The Gathering 2009 – There and Back Again: Time, Place, and Story

There and Back Again: Time, Place and Story


Rushdie_headshot_colour[1] (2)Indian-British novelist Salman Rushdie is often described as a writer of magical realism mixed with historical fiction. A dominant theme of his work is the story of the many connections, disruptions and migrations between the Eastern and Western world. Rushdie takes history as his subject and fictionalizes it, creating a new literary genre. He has received almost every major literary award in the course of his 30-year+ career.

“It seems to me, more and more, that the fictional project on which I’ve been involved ever since I began Midnight’s Children back in 1975 is one of self-definition. That novel, Shame, and The Satanic Verses strike me as an attempt to come to terms with the various component parts of myself – countries, memories, histories, families, gods. First the writer invents the books; then, perhaps, the books invent the writer.

But whenever I say anything about my work I want to contradict myself at once. To say that beyond self-exploration lies a sense of writing as sacrament, and maybe that’s closer to how I feel: that writing fills the hole left by the departure of God.”
(from the British Council Arts Group)

“Step Across This Line”
Salman Rushdie will take you on a provocative journey into the world of contemporary literature, politics, culture and philosophy. Rushdie offers a challenging and enlightening look at modern life. He will explore time and space and other themes that he has woven through his books: freedom of expression, current events at home and abroad, and the role of the artist in society. Rushdie will also discuss his approach to writing and key developments in his prose style and artistic sensibility.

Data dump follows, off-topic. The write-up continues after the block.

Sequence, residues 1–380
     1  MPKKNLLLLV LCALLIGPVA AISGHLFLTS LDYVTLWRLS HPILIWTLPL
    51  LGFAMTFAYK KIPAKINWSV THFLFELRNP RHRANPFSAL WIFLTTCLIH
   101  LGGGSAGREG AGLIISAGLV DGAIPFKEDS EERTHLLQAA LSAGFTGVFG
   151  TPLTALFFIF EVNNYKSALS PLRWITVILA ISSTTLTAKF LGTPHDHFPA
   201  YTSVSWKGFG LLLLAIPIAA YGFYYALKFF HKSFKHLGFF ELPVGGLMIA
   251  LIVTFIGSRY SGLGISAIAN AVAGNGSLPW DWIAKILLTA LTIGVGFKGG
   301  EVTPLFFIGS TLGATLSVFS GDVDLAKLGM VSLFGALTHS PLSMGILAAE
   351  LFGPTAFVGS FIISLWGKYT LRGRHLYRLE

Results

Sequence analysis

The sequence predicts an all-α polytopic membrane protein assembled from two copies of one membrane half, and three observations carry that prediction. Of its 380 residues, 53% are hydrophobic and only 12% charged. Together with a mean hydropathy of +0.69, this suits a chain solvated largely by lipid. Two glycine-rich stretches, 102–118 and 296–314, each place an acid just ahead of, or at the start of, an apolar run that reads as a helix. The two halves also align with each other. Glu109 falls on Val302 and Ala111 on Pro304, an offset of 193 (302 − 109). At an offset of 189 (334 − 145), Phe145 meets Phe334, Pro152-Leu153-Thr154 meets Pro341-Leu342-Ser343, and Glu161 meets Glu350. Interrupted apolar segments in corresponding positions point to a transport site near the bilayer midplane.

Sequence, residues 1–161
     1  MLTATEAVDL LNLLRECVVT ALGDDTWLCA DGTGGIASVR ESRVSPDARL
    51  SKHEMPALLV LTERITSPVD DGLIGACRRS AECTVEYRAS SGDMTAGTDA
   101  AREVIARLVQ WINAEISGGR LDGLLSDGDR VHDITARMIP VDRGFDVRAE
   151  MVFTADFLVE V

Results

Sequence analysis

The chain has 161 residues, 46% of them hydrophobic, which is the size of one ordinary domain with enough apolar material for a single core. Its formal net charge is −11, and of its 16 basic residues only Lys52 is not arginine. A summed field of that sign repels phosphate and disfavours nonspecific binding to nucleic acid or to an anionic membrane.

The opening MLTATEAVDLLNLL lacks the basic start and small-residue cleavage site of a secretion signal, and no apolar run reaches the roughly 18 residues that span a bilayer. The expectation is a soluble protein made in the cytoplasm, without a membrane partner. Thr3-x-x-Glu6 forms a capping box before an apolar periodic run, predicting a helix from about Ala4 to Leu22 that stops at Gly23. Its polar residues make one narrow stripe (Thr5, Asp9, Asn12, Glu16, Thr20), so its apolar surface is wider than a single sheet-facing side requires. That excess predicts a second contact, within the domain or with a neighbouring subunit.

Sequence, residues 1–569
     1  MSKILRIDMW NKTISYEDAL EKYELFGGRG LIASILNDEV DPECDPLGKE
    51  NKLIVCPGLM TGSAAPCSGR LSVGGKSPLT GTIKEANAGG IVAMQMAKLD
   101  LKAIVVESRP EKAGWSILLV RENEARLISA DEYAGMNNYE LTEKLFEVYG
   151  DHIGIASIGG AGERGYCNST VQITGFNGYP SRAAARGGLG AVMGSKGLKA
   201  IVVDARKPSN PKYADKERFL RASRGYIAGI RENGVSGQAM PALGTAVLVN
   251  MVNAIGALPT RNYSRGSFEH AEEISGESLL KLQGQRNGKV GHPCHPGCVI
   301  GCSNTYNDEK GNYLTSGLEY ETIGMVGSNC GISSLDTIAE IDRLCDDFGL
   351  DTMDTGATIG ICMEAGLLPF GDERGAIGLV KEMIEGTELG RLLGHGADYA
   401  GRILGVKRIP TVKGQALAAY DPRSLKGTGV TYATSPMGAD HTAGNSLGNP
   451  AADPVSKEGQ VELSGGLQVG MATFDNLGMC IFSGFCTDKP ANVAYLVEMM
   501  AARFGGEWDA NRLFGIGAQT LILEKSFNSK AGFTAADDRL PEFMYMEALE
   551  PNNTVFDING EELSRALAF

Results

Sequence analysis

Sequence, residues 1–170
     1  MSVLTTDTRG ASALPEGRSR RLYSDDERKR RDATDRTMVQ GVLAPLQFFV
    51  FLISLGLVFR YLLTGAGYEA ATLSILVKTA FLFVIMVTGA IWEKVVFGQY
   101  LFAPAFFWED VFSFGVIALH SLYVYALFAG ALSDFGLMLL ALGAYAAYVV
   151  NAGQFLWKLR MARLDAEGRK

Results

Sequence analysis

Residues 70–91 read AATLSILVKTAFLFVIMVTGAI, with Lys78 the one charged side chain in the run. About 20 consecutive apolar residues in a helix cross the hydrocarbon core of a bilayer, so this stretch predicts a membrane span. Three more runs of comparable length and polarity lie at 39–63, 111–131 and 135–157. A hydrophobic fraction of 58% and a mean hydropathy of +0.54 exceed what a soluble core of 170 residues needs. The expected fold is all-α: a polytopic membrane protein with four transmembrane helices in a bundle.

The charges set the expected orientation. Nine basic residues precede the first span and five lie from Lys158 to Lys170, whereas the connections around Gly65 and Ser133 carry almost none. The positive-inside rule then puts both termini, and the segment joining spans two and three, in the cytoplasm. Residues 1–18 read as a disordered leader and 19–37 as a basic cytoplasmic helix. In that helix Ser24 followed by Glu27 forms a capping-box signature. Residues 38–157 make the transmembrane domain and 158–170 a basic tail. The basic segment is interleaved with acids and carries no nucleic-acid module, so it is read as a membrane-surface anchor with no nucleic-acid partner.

Gregory MaguireGregory Maguire’s novels are frequently revisionist retellings of classic children’s stories. Perhaps his most well known novel is Wicked: The Life and Times of the Wicked Witch of the West, which was made into a much-loved Broadway Musical. It was followed by Confessions of an Ugly Stepsister, filmed by ABC/Disney, and most recently, A Lion Among Men. He also has written more than a dozen novels for children. He holds a PhD in English and American Literature from Tufts University. He lives in Massachusetts with his family.

“A writer tries not to steal ideas from other writers. However, it is the nature of ideas—I think—that they rarely appear full-blown, like the visitation of an angel or a muse or a fairy godmother, but they grow in good soil, like a pumpkin or a hollyhock.

I try to keep the soil of my mind moist and rich by feeding it with other people’s inventions (good books, movies, not so much with TV, except occasionally The Simpsons), and with a steady variety of different experiences. Trips to new places, meetings with friends old and new, times spent in memory. I use a journal to help me remember and record what I see and feel.”
(from Harpers Collins Publishers)

“Backyard Bablylon”